Increasing solar light to electricity conversion to new record efficiency

Optics of the spectrum splitting prototype, modeled in the 3D ray tracing software Zemax. Incoming sunlight in a solar power tower is reflected down to a silicon solar cell receiver. Credit: University of New South Wales

Solar light is a continuous source of energy, so well harvested by plants all over the world. Actually the "efficiency" of conversion of solar light to chemical energy (that is what the plant photosyntheses process does) is not so efficient, around 5% (from 3 to 6% actually). Researchers capability is way above that. Already in the 80ies photovoltaic panels had an efficiency in the order of 20%.

The problem is that plants are converting solar energy into chemical energy (sugar) that is easily stored and and way more efficient than out devices in using such energy. In addition, solar energy conversion has to compete with other sources of energy in economic terms. Hence the need for greater efficiency in conversion from solar light to electricity.

Researchers at the University of New South Wales, Australia, have demonstrated a way to push the conversion energy to 40%, a new world record in this field

What they did was to create a splitter of light wavelengths funnelling the ones that are used to convert sun light into electricity to today's commercial photovoltaic panels and using the others in different photovoltaic panels. 

The issue they are tackling is that it is too difficult to produce a photovoltaic panels that can use all the wavelengths present in a Sun beam (this is also true for leaves: they only capture a subset of the wavelengths, actually a smaller one than our photovoltaic panels and that is part of the explanation of the very low energy conversion efficiency). There have been, particularly in these last years, several attempts to manufacture solar panels that can capture wider ranges of wavelengths but that is increasing their cost to the point that the increase in efficiency is not sufficient to outbalance the increase in manufacturing cost.  On the other hand, it is cheaper to manufacture different types of panels that can capture different wavelengths. The problem then is how to split incoming sun rays in such a way that the appropriate wavelengths hit the panel most sensitive to them.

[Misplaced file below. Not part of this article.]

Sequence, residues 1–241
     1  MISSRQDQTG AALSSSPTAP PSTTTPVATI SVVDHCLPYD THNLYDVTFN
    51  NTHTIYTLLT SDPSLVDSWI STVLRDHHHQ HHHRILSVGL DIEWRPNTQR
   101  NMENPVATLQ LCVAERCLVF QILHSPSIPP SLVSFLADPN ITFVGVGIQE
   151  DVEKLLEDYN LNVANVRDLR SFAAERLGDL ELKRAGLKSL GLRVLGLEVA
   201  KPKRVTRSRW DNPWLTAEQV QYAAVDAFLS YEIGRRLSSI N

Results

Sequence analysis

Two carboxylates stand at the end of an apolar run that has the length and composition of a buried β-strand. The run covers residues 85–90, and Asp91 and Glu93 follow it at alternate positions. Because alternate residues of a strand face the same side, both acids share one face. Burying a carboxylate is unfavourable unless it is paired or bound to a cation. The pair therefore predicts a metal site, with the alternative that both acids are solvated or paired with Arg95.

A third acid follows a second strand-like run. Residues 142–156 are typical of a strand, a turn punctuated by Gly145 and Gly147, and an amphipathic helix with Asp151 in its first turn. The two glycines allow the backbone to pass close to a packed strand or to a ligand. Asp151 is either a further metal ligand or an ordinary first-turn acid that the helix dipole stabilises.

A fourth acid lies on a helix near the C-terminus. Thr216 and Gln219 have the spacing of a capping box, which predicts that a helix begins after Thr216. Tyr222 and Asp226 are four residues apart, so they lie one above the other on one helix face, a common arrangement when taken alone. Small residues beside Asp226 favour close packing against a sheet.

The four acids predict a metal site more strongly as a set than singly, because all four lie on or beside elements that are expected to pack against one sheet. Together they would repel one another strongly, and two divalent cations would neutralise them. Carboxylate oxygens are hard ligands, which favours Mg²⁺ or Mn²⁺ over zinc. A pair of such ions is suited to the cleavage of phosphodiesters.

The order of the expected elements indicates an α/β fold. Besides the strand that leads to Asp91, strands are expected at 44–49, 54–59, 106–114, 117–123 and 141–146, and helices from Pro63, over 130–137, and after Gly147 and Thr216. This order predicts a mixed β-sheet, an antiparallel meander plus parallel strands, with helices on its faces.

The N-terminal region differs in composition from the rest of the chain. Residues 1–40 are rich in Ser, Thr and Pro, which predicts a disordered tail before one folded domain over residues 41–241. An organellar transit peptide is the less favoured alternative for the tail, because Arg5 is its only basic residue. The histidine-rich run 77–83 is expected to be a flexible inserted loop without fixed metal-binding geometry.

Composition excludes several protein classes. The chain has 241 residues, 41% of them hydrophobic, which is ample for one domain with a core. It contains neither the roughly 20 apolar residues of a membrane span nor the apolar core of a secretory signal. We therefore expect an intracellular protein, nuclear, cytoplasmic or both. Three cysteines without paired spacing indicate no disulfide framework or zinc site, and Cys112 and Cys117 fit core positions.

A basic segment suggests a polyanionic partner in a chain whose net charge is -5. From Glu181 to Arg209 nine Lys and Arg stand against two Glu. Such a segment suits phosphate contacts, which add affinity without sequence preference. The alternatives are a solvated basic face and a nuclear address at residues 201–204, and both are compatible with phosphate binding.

Researchers at UNSW have created such a wavelengths splitter and demonstrated it in a location near Sydney, Australia, achieving a 40% energy conversion efficiency.

This has been confirmed in an independent experiment in the US.

Of course, now it is a matter to see that the total cost of the increased number of panels and the splitter is below the valued of the increased efficiency...

Still, I like the ingenuity of researchers to approach a problem and finding alternative solutions.

Author - Roberto Saracco

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